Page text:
Outline for Comprehensive Exam Process
Ph.D. Program in Giftedness, Creativity, and Talent Development
Doctoral students are required to take general examinations. The examinations shall be taken before the proposal defense and not later than eight months prior to conferral of the degree. The examination consists of three parts: creating a portfolio, completing a computer exercise analyzing data based on the two required quantitative research courses, and an oral exam.
Ph.D. students will complete a comprehensive exam process that includes demonstration of competence in the three key areas of responsibility for academic positions (i.e., scholarship, teaching, and service). The process also includes completion of a written exam assessing statistical applications. Students will work with their advisor to determine what evidence will be presented in each of the three major areas, with some guidelines provided below. Once students have assembled evidence in all three areas, they will present the documentation as a portfolio to their advisory committee. The portfolio should demonstrate growth the candidate has made during the Ph.D. program; therefore, the components selected for the portfolio should have been developed after the student was accepted into the Ph.D. program. Students will schedule an oral exam with their committee, at least 2 weeks after the date of submission of the portfolio of evidence. The oral exam will include discussion of the materials in the portfolio as well as questions related to key aspects of expertise in the field of study.
Most students will be expected to complete their comprehensive exam after most coursework has been completed, usually approximately 2 years into the program. The statistics exam may be completed separately at whatever stage the student and advisor determine the student to be ready.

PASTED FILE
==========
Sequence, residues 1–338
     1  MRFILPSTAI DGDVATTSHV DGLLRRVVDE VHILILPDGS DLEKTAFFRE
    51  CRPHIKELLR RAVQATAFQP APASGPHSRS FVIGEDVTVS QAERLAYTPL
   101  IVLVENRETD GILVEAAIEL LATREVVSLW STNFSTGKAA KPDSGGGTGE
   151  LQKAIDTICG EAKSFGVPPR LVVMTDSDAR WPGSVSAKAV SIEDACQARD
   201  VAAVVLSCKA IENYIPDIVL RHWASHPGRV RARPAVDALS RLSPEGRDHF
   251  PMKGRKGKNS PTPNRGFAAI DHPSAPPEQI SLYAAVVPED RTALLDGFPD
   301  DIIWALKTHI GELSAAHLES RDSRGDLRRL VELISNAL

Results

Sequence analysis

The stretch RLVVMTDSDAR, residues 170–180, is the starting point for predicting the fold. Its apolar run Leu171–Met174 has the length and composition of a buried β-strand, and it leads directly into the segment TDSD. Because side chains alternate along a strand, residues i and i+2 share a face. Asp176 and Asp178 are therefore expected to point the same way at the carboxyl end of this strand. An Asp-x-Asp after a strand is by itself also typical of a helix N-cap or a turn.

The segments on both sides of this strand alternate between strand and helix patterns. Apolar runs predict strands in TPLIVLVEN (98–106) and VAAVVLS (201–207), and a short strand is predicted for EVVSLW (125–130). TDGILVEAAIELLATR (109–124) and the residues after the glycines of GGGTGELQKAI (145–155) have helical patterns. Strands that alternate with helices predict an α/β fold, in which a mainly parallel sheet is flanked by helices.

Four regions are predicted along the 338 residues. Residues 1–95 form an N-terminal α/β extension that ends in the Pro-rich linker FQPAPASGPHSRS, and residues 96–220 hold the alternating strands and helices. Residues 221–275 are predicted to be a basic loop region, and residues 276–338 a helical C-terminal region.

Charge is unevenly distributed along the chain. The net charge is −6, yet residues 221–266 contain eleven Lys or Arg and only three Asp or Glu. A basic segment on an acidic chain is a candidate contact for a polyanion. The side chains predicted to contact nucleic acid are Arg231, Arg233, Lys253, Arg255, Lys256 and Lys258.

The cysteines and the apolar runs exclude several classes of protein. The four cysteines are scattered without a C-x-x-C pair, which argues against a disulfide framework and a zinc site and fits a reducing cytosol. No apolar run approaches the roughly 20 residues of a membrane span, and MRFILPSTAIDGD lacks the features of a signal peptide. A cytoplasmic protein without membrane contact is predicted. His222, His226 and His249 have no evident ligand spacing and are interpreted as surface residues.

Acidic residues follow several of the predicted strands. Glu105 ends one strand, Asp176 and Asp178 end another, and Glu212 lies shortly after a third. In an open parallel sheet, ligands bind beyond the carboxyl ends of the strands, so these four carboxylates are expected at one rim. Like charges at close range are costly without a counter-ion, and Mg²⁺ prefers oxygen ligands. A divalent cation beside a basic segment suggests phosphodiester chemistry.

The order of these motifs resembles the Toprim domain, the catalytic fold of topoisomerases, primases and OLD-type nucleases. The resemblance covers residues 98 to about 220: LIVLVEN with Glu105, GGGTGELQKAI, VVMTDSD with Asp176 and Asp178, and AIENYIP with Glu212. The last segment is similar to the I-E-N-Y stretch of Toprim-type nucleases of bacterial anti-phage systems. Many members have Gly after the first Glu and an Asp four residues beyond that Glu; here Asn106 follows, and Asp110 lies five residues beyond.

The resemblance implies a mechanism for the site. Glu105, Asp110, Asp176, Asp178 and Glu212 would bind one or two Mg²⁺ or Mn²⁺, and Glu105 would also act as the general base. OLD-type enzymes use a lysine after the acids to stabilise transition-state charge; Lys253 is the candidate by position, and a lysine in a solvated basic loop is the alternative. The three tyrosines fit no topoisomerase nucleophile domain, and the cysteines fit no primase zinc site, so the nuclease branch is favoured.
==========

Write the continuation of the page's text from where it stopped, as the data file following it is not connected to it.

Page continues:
The statistics exam is intended to provide the candidate with an opportunity to demonstrate the following research skills:
- Code and enter data into statistical software (generally SPSS)
- Conduct a bi-variate correlation, paired and independent t test, and Analysis of Variance (ANOVA) statistical analysis
- Report results using APA guidelines for correlations, t tests, and ANOVAs
The exam is open note and involves analyzing simulated data provided by the program.
Scholarship – (a) brief statement of intended line of/approach to research (1-2 pages), and (b) samples of written work completed after admission to Ph.D. program, demonstrating the student’s content knowledge and ability to apply to appropriate written context. Examples might include the following:
- Grant proposal (actual or mock)
- First authorship on a paper submitted for publication
Teaching – (a) brief statement (1-2 pages) of teaching philosophy, and (b) samples to demonstrate student capacity for teaching/preparing courses at the undergraduate or graduate level. These experiences should have occurred after admission to the Ph.D. program. Samples should incorporate multiple aspects of teaching, including planning, delivering instruction, and assessment. Examples might include the following:
- Syllabus for a course (possibly for an experimental/new topic beyond standard courses in our/similar programs)
- Teach a course/guest lecture
- Evidence of working with other educators to implement course innovations, such as efforts to infuse creative thinking, critical thinking, etc. through social media
Service – samples to demonstrate involvement within the university or larger professional community, beyond the level of membership only in an organization. Service examples should represent work conducted after admission to the Ph.D. program. Examples might include the following:
- National/regional presentation
- Committee service within organizations or university
- Consulting with schools
- Evidence of working with other educators to implement course innovations/differentiation for advanced populations
At the oral exam, students will be expected to explain how the portfolio evidence demonstrates competence in the field and coherence toward future positions. The committee may ask questions on any aspect of the portfolio, including the teaching and research statements, and may also ask questions reflecting the types of circumstances with which a scholar/expert in the field may be presented (e.g., questions that might emerge from an unexpected phone call or in a faculty meeting). The committee may also ask questions about content covered in coursework. Only the committee and the student will be present for the oral exam.